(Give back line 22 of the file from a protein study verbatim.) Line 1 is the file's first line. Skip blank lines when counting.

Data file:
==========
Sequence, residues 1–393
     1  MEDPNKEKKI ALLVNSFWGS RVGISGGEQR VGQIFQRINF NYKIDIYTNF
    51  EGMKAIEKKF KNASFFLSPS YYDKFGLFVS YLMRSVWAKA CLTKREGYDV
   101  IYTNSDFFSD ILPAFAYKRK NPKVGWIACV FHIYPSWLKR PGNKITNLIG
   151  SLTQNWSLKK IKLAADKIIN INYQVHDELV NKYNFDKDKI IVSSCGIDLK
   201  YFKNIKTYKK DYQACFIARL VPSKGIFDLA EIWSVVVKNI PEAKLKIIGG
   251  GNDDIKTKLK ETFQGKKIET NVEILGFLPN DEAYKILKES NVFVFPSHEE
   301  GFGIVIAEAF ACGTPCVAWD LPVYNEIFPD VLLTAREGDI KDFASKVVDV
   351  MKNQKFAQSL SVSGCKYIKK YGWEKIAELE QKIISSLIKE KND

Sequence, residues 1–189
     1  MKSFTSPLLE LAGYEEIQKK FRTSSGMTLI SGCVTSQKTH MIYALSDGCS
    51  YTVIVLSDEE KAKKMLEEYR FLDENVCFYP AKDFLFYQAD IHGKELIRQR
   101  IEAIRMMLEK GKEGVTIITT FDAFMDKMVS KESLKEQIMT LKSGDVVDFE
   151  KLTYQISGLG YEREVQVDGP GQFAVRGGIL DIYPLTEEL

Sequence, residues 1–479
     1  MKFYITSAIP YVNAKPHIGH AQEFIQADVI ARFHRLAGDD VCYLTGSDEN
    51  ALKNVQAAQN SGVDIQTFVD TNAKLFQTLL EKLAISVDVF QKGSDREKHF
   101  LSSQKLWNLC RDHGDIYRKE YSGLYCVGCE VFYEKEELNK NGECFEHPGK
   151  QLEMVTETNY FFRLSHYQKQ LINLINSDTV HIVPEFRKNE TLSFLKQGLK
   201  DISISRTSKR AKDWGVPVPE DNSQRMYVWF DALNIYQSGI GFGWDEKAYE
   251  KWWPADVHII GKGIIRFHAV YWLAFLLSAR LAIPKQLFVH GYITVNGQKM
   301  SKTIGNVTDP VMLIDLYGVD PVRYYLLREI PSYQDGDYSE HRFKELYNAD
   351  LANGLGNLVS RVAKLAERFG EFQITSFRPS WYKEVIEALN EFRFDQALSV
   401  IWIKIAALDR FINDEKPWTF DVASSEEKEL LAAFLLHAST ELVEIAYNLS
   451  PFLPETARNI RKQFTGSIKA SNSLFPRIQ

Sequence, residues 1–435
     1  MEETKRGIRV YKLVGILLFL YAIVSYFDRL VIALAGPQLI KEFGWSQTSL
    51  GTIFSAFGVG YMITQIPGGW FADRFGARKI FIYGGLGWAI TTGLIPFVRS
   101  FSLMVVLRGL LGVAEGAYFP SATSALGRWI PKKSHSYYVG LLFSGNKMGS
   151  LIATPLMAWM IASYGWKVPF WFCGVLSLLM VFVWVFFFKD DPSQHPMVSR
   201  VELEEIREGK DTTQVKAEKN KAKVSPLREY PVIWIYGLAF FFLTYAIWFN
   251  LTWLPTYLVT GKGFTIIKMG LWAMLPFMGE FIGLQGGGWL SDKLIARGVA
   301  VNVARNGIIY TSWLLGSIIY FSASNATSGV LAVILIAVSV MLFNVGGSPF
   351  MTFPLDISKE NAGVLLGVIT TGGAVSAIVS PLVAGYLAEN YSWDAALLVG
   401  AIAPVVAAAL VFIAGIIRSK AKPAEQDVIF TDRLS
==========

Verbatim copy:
   301  SKTIGNVTDP VMLIDLYGVD PVRYYLLREI PSYQDGDYSE HRFKELYNAD